By Alan I. Leshner and James A. Thomson
Monday, December 3, 2007
A new way to trick skin cells into acting like embryos changes both everything and nothing at all. Being able to reprogram skin cells into multipurpose stem cells without harming embryos launches an exciting new line of research. It's important to remember, though, that we're at square one, uncertain at this early stage whether souped-up skin cells hold the same promise as their embryonic cousins do.
Far from vindicating the current U.S. policy of withholding federal funds from many of those working to develop potentially lifesaving embryonic stem cells, recent papers in the journals Science and Cell described a breakthrough achieved despite political restrictions. In fact, work by both the U.S. and Japanese teams that reprogrammed skin cells depended entirely on previous embryonic stem cell research.
At a time when nearly 60 percent of Americans support human embryonic stem cell research, U.S. stem cell policy runs counter to both scientific and public opinion. President Bush's repeated veto of the Stem Cell Research Enhancement Act, which has twice passed the House and Senate with votes from Republicans and Democrats alike, further ignores the will of the American people.
Efforts to harness the versatility of embryonic stem cells, and alleviate suffering among people with an array of debilitating disorders, began less than 10 years ago. Since then, scientists have continued to pursue embryonic stem cells because of their ability to transform into blood, bone, skin or any other type of cell. The eventual goal is to replace diseased or dysfunctional cells to help people with spinal cord injuries, neurodegenerative disorders, cancer, diabetes, heart disease and other conditions.
Since 1998, many strategies for addressing sanctity-of-life concerns have been pursued. While commendable, these efforts remain preliminary, and none so far has suggested a magic bullet. In the same way, the recent tandem advances in the United States and by Shinya Yamanaka's team in Japan are far from being a Holy Grail, as Charles Krauthammer inaccurately described them. Though potential landmarks, these studies are only a first step on the long road toward eventual therapies.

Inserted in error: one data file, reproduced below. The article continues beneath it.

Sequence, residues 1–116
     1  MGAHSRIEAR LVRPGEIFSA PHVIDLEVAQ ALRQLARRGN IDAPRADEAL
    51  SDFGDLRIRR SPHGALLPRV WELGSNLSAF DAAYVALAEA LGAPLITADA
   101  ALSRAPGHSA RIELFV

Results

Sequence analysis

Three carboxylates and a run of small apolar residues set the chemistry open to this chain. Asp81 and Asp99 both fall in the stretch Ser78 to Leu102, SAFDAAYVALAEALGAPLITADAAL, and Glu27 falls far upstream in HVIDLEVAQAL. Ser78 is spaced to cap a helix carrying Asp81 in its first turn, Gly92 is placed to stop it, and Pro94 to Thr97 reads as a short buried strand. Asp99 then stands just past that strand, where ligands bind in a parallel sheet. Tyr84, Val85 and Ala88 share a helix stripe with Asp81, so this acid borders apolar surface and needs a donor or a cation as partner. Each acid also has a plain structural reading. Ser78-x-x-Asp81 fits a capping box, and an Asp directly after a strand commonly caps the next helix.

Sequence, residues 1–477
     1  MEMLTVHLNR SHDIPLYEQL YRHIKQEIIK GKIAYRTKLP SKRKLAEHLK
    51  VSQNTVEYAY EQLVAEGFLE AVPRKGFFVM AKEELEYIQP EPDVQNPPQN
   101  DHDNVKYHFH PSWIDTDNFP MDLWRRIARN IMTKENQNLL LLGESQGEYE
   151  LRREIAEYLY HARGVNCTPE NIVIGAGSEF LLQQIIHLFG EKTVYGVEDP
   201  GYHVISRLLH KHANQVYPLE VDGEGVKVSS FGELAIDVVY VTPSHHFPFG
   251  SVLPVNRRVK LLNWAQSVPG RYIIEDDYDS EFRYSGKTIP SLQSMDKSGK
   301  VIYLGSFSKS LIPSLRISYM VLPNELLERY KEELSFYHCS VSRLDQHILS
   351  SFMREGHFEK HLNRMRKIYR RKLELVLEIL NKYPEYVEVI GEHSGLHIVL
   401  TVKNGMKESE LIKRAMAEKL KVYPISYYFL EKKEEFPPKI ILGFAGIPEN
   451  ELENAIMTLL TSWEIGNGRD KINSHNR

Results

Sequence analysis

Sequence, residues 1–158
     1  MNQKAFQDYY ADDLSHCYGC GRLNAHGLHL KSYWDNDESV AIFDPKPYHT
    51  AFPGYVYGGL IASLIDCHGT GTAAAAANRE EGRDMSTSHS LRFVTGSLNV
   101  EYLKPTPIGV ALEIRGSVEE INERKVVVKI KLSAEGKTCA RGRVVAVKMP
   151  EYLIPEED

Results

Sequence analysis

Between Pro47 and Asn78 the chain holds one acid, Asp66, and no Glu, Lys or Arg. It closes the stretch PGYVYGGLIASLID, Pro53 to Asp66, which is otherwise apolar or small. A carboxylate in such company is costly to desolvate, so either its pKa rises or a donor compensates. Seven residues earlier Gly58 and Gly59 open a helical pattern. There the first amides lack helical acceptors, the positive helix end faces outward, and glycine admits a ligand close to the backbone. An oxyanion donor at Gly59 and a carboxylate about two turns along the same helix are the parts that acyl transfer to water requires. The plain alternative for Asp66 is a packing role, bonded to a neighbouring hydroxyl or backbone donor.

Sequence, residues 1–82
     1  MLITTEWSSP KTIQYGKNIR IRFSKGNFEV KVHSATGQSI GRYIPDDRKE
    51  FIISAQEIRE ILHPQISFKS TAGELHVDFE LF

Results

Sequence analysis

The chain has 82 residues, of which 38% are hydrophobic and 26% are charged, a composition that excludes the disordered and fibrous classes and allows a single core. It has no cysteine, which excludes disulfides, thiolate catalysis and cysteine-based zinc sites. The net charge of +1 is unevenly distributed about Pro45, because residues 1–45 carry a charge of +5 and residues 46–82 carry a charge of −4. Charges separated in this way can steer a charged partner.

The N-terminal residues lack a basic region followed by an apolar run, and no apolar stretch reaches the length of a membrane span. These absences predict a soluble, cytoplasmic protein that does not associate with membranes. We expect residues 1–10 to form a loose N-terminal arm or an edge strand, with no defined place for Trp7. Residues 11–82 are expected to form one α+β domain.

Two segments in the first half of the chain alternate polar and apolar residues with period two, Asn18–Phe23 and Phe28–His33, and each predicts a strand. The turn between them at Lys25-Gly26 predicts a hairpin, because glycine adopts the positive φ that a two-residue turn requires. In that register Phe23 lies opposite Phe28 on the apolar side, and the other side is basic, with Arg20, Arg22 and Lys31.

Krauthammer's central argument -- that the president's misgivings about embryonic stem cell research inspired innovative alternatives -- is fundamentally flawed, too. Yamanaka was of course working in Japan, and scientists around the world are pursuing the full spectrum of options, in many cases faster than researchers in the United States.
Reprogrammed skin cells, incorporating four specific genes known to play a role in making cells versatile, or pluripotent, did seem to behave like embryonic stem cells in mice. But mouse studies frequently fail to pan out in humans, so we don't yet know whether this approach is viable for treating human diseases. We simply cannot invest all our hopes in a single approach. Federal funding is essential for both adult and embryonic stem cell research, even as promising alternatives are beginning to emerge.
Unfortunately, under the policy President Bush outlined on Aug. 9, 2001, at most 21 stem cell lines derived from embryos before that date are eligible for federal funding. American innovation in the field thus faces inherent limitations. Even more significant, the stigma resulting from the policy surely has discouraged some talented young Americans from pursuing stem cell research.
Discomfort with the notion of extracting stem cells from embryos is understandable. But many of the life-changing medical advances of recent history, including heart transplantation, have provoked discomfort. Struggling with bioethical questions remains a critical step in any scientific advancement.
A solution that might be more comfortable for many people already exists but cannot be pursued unless the Stem Cell Research Enhancement Act becomes law. Some percentage of the hundreds of thousands of frozen embryos from fertility clinics will eventually be destroyed. American couples meanwhile are not being given the choice to donate their frozen embryos to federal research to help others through stem cell advances.
It remains to be seen whether reprogrammed skin cells will differ in significant ways from embryonic stem cells. We remain hopeful, but it's too early to say we're certain.
We hope Congress will override the president's veto of the Stem Cell Research Enhancement Act. Further delays in pursuing the clearly viable option of embryonic stem cells will result in an irretrievable loss of time, especially if the new approach fails to prove itself.
Alan I. Leshner is chief executive of the American Association for the Advancement of Science and executive publisher of the journal Science. James A. Thomson is a professor of anatomy at the University of Wisconsin School of Medicine and Public Health. He was the first scientist to create human embryonic stem cells and is the senior author on the recent Science paper describing a method for reprogramming skin cells.